If the first linear layer has
in_features = 1 and I input
[1, 2, 3] into the model, how will that linear layer be trained? Will it train it independently on 1, 2, and 3 so the layer keeps track of the gradient for each input, and then the optimizer will use the average of all their gradients? If so, is there a way to tell the optimizer to use a custom function instead of the average to combine them?
If the first linear layer has
nn.Linear just wraps matrix multiplication, where right matrix is trainable in_features x out_features map. So, left matrix (input) must have in_features columns (last dimension), and arbitary number of rows (non-last dimensions reshaped into single one).
I assume your [1,2,3] denotes a python list. Normal conversion to a tensor would produce a tensor with 3 columns, not compatible with in_features=1. Adding extra tail dimension (shape (3,1)) would enable independent training, doing same transform to all scalars.
I’m not sure I understand what you want from gradients, but if your final network output still has that 3 element dimension, you can scale loss along that dimension, this is similar to having weighted samples.
How are the values updated by default? Will it just be an average of the 3 gradients as if they form a batch in gradient descent?
but if your final network output still has that 3 element dimension
What if the output has a 1 element dimension, then how will the previous layers with 3 elements train?
…having weighted samples
How do you do that in pytorch?
Thank you for your help
This means that you combine elements somewhere, so they’re not independent. Your 3 intermediate outputs are just like hidden features, so it makes less sense to train them as independent (1x3 vs 3x3 map) or scale gradients, as they’ll be entangled later anyway.
Pytorch loss classes have reduction=‘mean’ argument. If you use reduction=‘none’, you can adjust elementwise losses before computing mean.
…(1x3 vs 3x3 map) or scale gradients, as they’ll be entangled later anyway
Where does 3x3 come from?
What does it mean to scale gradients? Do you mean in a weighted sum?
I don’t understand what is “entangled” and why it affects scaling gradients.
Sorry, that was incorrect. With input shape (3,1) you have 1 x out_features map. With usual shape (*,3) you have 3 x out_features map.
If you multiply elementwise losses by some tensor C, all gradients are also multiplied by C. So, that’s one of the ways to change gradients.
Nevermind. Basically, for 3d -> 1d function, expresed with a neural net, 3 inputs usually only work together.
But if I do have 3D -> 1D, then how will the training work? If the second layer has 3D, but the output is 1D, how will the weights for the second layer get updated? Will it calculate 3 separate gradients for all 3 elements only for the second layer, and deeper layers will have only 1 shared gradient?
That sounds right.
But this description somehow ignores hidden layer and non-linearity, needed to get a universal function approximator.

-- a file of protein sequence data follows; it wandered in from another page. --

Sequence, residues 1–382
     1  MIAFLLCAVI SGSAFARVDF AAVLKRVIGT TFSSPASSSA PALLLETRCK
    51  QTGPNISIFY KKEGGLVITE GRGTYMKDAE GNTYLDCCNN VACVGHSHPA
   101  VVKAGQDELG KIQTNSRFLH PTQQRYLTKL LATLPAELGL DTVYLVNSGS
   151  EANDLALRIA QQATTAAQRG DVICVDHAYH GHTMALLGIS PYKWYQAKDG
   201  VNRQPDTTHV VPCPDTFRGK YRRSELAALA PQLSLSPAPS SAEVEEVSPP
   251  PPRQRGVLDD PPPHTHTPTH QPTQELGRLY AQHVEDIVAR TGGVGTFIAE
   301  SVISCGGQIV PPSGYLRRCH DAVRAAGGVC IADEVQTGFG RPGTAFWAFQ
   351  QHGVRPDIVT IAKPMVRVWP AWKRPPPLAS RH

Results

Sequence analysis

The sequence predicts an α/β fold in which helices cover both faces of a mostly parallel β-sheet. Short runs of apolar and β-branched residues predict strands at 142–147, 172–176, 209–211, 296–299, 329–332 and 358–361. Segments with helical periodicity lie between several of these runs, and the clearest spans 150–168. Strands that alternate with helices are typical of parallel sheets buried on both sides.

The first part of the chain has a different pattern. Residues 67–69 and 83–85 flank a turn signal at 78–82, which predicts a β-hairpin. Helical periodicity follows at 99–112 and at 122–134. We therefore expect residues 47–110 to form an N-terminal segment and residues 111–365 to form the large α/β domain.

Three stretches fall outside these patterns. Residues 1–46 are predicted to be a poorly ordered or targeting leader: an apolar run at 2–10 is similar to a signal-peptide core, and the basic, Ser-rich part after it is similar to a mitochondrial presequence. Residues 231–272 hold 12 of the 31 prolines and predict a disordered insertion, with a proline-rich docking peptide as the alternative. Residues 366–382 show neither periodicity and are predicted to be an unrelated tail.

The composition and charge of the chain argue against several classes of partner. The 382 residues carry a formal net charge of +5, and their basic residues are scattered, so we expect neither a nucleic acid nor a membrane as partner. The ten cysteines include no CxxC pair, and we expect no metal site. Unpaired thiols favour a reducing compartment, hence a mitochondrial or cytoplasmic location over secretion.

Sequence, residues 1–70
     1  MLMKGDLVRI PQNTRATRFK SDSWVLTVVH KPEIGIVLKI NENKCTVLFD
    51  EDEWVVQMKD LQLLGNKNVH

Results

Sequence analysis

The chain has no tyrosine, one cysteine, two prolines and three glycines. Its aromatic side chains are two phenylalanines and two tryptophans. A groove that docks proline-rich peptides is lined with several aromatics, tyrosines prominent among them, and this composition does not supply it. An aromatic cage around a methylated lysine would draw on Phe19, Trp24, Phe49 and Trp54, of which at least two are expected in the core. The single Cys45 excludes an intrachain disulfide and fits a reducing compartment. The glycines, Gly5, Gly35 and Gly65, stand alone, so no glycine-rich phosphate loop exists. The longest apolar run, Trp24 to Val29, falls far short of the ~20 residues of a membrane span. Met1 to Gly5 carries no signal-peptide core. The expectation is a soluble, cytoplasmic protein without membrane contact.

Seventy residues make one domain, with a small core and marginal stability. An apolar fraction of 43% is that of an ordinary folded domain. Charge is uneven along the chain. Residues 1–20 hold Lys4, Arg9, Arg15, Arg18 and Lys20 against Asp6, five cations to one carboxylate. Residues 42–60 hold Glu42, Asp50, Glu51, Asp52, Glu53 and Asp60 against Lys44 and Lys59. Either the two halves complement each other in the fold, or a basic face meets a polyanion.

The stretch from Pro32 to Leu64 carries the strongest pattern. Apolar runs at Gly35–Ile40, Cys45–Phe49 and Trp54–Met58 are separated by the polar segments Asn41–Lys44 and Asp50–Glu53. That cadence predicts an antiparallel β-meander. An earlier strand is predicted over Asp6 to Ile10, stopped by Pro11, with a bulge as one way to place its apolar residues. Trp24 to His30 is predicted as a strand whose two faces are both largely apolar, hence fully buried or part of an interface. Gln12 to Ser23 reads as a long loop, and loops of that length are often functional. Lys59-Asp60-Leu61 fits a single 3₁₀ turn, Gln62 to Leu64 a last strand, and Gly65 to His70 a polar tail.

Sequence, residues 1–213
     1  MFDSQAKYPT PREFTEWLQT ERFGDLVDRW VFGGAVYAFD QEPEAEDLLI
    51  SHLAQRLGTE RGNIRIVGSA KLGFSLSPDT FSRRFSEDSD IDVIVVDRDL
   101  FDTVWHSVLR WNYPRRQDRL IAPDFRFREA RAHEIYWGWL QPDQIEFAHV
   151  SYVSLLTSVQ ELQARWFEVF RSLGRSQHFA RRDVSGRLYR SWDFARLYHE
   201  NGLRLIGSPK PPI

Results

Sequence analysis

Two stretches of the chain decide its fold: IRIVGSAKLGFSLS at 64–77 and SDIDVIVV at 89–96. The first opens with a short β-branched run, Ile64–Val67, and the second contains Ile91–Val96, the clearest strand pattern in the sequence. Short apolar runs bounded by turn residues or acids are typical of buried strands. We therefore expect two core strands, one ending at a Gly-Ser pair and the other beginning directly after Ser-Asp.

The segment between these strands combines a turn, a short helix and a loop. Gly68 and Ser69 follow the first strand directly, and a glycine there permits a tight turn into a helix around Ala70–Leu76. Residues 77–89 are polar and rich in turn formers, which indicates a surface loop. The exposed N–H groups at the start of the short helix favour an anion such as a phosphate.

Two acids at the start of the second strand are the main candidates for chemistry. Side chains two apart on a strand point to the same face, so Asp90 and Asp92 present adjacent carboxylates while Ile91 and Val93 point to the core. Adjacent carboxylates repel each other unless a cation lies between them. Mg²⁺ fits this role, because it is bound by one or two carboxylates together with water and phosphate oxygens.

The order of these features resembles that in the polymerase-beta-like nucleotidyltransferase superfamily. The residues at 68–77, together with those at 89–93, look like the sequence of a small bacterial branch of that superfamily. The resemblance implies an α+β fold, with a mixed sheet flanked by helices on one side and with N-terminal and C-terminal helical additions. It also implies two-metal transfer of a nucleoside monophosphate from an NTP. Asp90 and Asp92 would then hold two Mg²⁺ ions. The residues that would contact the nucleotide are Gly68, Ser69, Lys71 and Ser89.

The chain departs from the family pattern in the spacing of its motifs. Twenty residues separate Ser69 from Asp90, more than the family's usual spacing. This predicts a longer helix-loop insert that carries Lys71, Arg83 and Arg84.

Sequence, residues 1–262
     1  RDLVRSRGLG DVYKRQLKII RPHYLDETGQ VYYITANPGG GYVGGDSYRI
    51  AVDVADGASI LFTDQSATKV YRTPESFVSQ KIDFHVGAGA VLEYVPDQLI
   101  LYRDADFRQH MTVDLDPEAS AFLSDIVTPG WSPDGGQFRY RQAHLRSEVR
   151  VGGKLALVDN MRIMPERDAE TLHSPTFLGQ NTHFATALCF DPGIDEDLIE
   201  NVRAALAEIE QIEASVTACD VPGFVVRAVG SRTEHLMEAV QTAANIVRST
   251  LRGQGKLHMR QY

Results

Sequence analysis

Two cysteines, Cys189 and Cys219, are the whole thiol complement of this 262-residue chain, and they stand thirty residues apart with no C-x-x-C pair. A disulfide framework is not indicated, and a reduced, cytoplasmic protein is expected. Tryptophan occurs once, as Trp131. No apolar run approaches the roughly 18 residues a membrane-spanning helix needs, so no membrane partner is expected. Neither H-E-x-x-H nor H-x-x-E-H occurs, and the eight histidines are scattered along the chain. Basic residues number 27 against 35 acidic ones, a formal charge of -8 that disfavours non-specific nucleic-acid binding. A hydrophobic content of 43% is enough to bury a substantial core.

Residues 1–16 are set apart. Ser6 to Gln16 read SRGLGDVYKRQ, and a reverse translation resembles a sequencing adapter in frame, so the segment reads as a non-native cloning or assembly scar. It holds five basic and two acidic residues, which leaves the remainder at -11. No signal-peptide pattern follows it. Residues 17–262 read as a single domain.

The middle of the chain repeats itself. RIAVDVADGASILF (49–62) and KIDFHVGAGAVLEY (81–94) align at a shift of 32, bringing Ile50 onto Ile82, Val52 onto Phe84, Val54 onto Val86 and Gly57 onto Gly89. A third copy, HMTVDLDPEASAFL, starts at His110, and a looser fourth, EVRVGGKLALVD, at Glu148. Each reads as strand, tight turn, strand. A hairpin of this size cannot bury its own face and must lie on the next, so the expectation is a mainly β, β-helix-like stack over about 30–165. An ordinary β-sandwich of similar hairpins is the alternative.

So, minimalistic network looks like: 3->64->relu->1, it has linear maps: 3x64,64x1. Thing is, your proposed 1d linear transformations, prepended to this network, won’t do anything beyond what 3x64 map does.
You can of course prepend 1d non-linear transformations to that network, but I don’t see a point.
My goal is for the network to accept an arbitrary number of inputs and to learn how to do inference with information from all of the inputs. So if I apply a 1x5 linear transformation to input
[, , ], the output will be 3x5 tensor
[[a,b,c,d,e],[f,g,h,i,j],[k,l,m,n,o]]. Then if I aggregate the 3 outputs into
[[v,w,x,y,z]], the later 5xM layers will learn to use information from all inputs, while early layer will learn to represent them in a way that allows for a useful aggregate.
Am I misunderstanding something? Can you elaborate so I can understand better.
Ok, with variable input lengths, this makes some sense. But you’ll probably need a deep network (MLP) for 1d->5d transformation, as 1x5 linear map just represents a line in 5d space, not sure if that’s of any use with your aggregation method… In most scenarios, another linear map 5xH will be applied to that 5 column tensor, so at least some non-linearity is needed
(otherwise (input @ 1x5) @ 5xH = input @ (1x5 @ 5xH) = input @ (1xH), so first linear layer is not needed).
Alright, that makes sense!
Can you point me to the pytorch docs that implies the gradients of the first layers (before aggregation) will be averaged?
Do you have any superior idea for doing this kind of aggregation?
Don’t know if such a thing exists. That’s just how gradients work with tensor broadcasting (if scalar from one of inputs is used multiple times, you sum relevent derivatives).
That’s a bit too abstract. Without positional info, you’re basically limited to mean() and exponential smoothing. Self-attention maybe. If you allow input position to affect output, you’re in the realm of usual sequence handlers: rnn, transformer/attention, causal convolutions etc.
Hmm, I guess I will read about tensor broadcasting docs then.
In my problem only the first input matter, then the next inputs (2nd, 3rd, 4th, etc.) order does not matter, so I think we can use a weighted sum. How would exponential smoothing and self-attention work here?
Exponential smoothing is just a recursive weighted mean. But it is not permutation invariant, to model that you should use simple mean(). If first input is special, you’re free to handle is separately.
Self-attention - I don’t understand it well enough to elaborate. Its use for aggregation is described in Attentive Neural Processes paper.